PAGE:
For more information about CAPSA services and how we can help you, please call our 24-hour hotline at 435-753-2500.
For information about what domestic violence is and how to recognize if you or someone you know needs help, click here.
24-hour telephone crisis line (435-753-2500)
CAPSA staff, advocates, and volunteers are available 24 hours a day, 7 days a week, every day of the year (including holidays) on the crisis line to listen, talk, and help those that call. All calls are confidential (Please note: there are mandatory reporting laws that require CAPSA staff and volunteers to report known incidents of child abuse, elder or vulnerable adult abuse, as well as rape if the victim is under the age of 18).
24-hour mobile crisis response team
CAPSA has advocates on-call every single day, 24 hours a day, to respond to a crisis. These advocates meet with individuals in a safe location (usually the police station, hospital, or CAPSA), help him/her understand what is happening, provide information about protective orders and other documents/forms, and provide referrals to agencies who can help with such things as emergency clothing, food, and economic assistance. They can also connect the person to a CAPSA caseworker to provide further assistance.
Emergency shelter and food
CAPSA's shelter is a safe, confidential location for those fleeing domestic violence or sexual assault. Our shelter can house 32-36 people (both adults and children) with rooms for both small and large families, and rooms that are accessible for people with disabilites. We strive to make our shelter feel as much like a home as possible for individuals in crisis situations. While staying in the shelter, individuals meet with a caseworker,develop safety plans, work on action plans for self-sufficiency, find resources for housing and financial assistance, search for jobs, and more.
Individual crisis intervention and case management
There are six full-time caseworkers at CAPSA that can help people both in the shelter and out of shelter to understand domestic violence and sexual assault, free themselves from abusive relationships, become more self-sufficient, and provide for themselves and their families.
Advocacy and coordination of services
The myriad of decisions, procedures and paperwork that many survivors of domestic violence may have to deal with can be overwhelming, especially during such a stressful time of life. At CAPSA, we have many years of experience dealing with the court, law enforcement officers, medical professionals, and other agencies in Cache Valley. We are here to help our clients by coordinating services between law enforcement, criminal justice organizations, attorneys, doctors, religious leaders, mental health and social services agencies, and employers as needed. Our staff members are advocates for those we serve and ensure they receive all the help and support they need and deserve.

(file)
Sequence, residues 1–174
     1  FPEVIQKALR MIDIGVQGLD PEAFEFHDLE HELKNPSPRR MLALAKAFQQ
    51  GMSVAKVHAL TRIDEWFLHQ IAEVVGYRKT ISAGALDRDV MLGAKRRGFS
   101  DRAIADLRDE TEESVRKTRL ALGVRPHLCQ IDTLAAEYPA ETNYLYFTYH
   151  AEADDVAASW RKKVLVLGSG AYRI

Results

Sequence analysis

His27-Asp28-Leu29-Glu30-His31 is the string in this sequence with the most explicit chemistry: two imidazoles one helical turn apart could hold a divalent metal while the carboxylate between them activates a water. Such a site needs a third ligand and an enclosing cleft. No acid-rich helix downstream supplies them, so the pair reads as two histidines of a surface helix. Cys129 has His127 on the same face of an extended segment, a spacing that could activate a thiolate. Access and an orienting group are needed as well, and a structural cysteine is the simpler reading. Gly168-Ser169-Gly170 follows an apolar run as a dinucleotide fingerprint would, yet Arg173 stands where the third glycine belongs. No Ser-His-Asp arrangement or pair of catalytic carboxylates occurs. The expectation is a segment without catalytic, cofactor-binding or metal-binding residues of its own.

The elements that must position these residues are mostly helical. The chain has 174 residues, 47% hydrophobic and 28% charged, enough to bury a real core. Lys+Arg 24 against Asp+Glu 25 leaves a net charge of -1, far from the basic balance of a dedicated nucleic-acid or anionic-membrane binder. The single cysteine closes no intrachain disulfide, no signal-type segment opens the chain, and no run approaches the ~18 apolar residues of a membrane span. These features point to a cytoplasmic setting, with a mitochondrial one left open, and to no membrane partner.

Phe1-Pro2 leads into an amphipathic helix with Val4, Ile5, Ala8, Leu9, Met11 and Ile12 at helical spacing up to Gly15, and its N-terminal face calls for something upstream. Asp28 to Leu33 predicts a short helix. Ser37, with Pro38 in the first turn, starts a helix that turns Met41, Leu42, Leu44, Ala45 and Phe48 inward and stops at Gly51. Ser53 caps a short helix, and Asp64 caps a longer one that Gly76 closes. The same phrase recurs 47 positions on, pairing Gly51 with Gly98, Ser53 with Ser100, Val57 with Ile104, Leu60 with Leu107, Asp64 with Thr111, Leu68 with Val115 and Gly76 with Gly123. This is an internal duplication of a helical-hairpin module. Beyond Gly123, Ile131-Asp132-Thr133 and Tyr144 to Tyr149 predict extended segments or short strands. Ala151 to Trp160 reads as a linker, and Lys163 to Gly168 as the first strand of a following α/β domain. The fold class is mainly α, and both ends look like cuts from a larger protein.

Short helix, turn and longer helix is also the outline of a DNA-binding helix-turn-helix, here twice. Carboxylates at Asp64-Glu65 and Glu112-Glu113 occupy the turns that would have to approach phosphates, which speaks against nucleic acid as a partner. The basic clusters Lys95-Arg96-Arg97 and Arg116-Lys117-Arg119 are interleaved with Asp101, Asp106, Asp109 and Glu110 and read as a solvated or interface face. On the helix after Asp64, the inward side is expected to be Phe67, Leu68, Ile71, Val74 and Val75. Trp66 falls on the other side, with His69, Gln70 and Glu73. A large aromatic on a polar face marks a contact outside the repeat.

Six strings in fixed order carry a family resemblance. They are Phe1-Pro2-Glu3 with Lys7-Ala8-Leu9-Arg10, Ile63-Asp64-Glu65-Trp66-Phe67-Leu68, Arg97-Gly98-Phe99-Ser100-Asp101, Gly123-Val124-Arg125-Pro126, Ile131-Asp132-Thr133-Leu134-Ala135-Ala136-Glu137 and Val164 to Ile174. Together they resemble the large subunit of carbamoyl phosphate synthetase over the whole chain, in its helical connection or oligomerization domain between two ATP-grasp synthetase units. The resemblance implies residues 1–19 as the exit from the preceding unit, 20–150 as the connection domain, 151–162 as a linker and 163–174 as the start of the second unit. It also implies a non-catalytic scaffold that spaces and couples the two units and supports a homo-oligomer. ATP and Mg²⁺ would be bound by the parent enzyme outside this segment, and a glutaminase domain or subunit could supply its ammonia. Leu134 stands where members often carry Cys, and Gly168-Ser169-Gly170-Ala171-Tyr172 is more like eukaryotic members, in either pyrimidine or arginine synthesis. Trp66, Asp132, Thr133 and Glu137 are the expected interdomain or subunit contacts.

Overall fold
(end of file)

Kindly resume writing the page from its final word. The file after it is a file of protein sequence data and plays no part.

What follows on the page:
Protective order and civil stalking injunction assistance
CAPSA caseworkers can help someone who feels unsafe due to domestic or sexual violence fill out protective orders and civil stalking injunctions, and help them file them with the court, advocate for legal representation at hearings, and provide support during and after court hearings.
A typical protective order is more than 30 pages long with many different sections that can be both confusing and frustrating to fill out. CAPSA caseworkers can help ensure that the order is filled out correctly, which may increase the chance that a judge will be able to sign it quickly. To find out if you qualify for a protective order, and how it can help you, call CAPSA at 435-753-2500.
Although CAPSA does not provide any legal representation or give any legal advice, caseworkers can attend court sessions to provide assistance, increase safety, and support during legal proceedings. They can also advocate for legal representation for civil court hearings.
Educational support groups
Educational support groups are held once a week in both English and Spanish for survivors of domestic violence. These groups are not counseling sessions, but instead are a chance for individuals to meet together, learn about the dynamics of domestic violence, provide support for one another, and discuss options for the future. Two weekly support groups are also held in the Cache County Jail for incarcerated women and men who have experienced or been impacted by abuse.
Children's groups meet at the same time as the English and Spanish Educational Support Groups so the women attending the groups so those attending the groups can bring children and not have to worry about child care. The children's groups also provide constructive activities to help children who have witnessed or been victims of domestic violence learn about healthy relationships, how to get along with peers, work through difficult issues, and discuss their feelings in a positive way.